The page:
Holding Debates in Middle School Classes

Benefits and Challenges for Teachers

middle school students in classroom
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Debates are wonderful, high-interest activities that can add great value to lessons for middle school students. They provide students with a change from the norm and allow them to learn and use new and different skills. They have the natural appeal of watching controlled disagreements while 'scoring points'. Further, they are not very challenging to create. Here is a great guide explaining how to hold a class debate that shows how easy it can be if you plan ahead.

Benefits of Debates

One of the greatest benefits of using debates in class is that students will get to practice a number of important skills including:

  • Learning about the topic assigned. Obviously, researching the topic involved provides students with more information than can be gleaned during in-class lessons. Further, by having to argue for or against a proposition, students have to dig deeper into a topic and look at it from both sides.
  • Using important research skills as they prepare for the debate. Researching information is a learned skill. While many students will have been exposed to library use, encyclopedias, and Internet research during their elementary years, they will need to have these skills reinforced and expanded upon. Further, students will need to learn about ways to judge the validity and accuracy of web resources.
  • Working together as a team both before and during the debate itself. Having students work together as they research and then perform the debate can help them learn important skills about cooperation and trust. Of course, as teachers, we have to have methods in place to ensure that all students are working. If one or more student is not pulling their weight, then the grades of the other team members should not be penalized.
  • Practicing public speaking skills. Debates provide students with necessary practice for public speaking made easier by passionately arguing their point of view. This skill will be important for them the rest of their educational and possibly work career.
  • Using critical thinking skills in a real world setting. Debates require students to 'think on their feet'. When one team makes a valid point, the other team needs to be able to marshall their resources and come up with an effective response.

    Challenges for Middle School Teachers

    For these and other reasons, teachers often want to include debates in their lesson plans. However, implementing debates in middle school classes can sometimes be quite challenging. There are a number of reasons for this including:

    • Varying maturity levels. Students in middle school are typically between the ages of 11 and 13. This is such a transitional period for students. Personal behavior and maintaining focus can be a challenge at times.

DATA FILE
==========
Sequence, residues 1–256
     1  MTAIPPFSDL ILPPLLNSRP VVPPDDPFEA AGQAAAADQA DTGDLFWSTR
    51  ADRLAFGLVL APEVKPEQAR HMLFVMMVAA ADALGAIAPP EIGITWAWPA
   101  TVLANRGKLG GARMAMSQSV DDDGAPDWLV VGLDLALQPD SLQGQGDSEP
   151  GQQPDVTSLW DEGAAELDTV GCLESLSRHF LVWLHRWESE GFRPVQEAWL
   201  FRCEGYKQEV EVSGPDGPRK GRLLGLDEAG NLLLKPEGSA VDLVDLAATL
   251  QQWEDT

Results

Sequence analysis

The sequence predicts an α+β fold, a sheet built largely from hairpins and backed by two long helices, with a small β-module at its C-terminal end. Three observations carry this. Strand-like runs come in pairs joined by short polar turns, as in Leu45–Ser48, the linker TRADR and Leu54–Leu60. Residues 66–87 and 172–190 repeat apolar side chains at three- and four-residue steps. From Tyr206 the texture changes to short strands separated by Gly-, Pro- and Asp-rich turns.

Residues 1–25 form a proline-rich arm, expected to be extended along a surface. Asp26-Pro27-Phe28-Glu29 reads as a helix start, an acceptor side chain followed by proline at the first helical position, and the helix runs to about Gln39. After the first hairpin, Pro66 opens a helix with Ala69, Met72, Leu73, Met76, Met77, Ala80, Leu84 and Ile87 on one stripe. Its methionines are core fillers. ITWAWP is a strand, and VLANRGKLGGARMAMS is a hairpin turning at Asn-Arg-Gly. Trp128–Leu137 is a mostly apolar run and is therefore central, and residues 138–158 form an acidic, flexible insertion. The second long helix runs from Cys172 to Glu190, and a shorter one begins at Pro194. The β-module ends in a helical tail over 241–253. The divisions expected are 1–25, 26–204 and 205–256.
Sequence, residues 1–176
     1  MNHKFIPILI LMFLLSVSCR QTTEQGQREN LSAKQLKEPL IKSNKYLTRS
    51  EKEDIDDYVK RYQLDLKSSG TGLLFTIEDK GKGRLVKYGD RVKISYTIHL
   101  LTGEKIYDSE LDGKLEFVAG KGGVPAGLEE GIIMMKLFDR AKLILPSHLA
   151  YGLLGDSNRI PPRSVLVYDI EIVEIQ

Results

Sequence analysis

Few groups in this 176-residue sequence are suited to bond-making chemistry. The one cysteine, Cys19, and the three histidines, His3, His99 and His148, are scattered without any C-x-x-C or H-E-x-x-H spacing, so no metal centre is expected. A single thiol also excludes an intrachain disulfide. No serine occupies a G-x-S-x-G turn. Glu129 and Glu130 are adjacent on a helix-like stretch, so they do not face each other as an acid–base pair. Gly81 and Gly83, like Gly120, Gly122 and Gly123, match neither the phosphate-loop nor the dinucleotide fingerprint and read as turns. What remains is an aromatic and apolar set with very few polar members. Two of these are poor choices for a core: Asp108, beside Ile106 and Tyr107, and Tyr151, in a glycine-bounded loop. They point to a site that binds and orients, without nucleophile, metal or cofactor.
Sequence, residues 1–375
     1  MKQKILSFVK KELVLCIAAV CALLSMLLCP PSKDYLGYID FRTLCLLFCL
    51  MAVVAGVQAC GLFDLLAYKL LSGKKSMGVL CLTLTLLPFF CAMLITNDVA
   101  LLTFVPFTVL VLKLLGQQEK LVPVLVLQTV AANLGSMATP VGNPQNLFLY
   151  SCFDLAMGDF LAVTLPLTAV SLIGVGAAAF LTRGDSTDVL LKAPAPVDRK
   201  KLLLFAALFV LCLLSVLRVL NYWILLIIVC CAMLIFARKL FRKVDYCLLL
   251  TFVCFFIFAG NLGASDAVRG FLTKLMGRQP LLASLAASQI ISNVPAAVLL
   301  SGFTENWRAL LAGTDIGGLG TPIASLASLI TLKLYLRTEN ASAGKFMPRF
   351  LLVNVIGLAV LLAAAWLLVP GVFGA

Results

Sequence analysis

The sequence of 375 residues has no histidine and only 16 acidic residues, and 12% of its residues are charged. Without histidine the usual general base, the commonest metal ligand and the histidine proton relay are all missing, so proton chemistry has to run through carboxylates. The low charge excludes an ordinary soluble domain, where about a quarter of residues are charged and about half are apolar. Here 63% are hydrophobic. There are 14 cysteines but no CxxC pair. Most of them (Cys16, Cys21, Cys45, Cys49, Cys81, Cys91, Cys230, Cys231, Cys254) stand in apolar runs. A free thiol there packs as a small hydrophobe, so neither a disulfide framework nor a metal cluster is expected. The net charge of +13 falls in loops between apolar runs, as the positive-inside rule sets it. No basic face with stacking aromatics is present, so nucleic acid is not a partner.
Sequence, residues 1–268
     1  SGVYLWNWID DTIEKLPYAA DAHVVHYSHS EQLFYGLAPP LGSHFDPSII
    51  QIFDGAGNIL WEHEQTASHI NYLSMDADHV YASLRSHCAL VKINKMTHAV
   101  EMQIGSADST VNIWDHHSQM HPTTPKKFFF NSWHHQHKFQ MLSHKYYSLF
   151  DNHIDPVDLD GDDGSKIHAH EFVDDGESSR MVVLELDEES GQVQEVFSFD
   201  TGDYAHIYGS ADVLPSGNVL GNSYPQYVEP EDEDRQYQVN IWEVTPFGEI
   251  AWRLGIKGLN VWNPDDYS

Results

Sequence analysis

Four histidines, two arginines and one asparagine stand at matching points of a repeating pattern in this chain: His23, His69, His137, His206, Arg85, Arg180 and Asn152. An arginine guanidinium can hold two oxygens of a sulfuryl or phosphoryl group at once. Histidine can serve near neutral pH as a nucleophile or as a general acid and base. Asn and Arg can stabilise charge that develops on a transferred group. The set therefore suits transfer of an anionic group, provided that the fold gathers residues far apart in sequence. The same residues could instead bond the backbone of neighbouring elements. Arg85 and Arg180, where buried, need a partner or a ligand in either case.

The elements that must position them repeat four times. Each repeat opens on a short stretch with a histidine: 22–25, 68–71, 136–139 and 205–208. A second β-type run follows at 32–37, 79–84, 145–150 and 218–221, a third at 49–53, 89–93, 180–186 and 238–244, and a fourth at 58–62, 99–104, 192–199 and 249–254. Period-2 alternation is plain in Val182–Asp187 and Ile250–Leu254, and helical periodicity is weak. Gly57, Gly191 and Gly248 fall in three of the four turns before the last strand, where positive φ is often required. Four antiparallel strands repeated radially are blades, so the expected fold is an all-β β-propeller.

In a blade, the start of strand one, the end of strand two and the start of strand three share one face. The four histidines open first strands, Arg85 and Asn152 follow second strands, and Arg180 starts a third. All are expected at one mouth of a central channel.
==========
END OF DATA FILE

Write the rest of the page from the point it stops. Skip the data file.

• Students may not have the necessary research skills. In many cases, students will not have had to research information in the way needed to do a good job in a class debate. Therefore, it is very important that you spend the time helping them prepare.
    • Students may be self-conscious. Public speaking can be daunting. Having them act as a team can help.

    Creating Successful Debates

    Debates are a great part of a teacher's repertoire of activities. However, there are a few caveats that must be remembered to make the debate successful.

    1. Pick your topic wisely, ensuring that it is acceptable for middle school students. Use the following list for great ideas in middle school debate topics.
    2. Publish your rubric before the debate. Your debate rubric helps students see how they will be graded.
    1. Consider holding a 'practice' debate early in the year. This can be a 'fun debate' where students learn the mechanics of the debate activity and can practice with a topic that they might already know a lot about.
    2. Figure out what you are going to do with the audience. You will probably want to keep your team down to about 2-4 students. Therefore, you will need to hold a number of debates in order to keep the grading consistent. At the same time, you will have the majority of your class watching as the audience. Give them something upon which they will be graded. You might have them fill out a sheet about each side's position. You might have them come up with and ask questions of each debate team. However, what you don't want is 4-8 students involved in the debate and the rest of the class not paying attention and possibly causing distractions.
    1. Make sure that the debate does not become personal. There should be some basic ground rules established and understood. The debate should focus on the topic at hand and never on the people on the debate team. Make sure to build consequences into the debate rubric.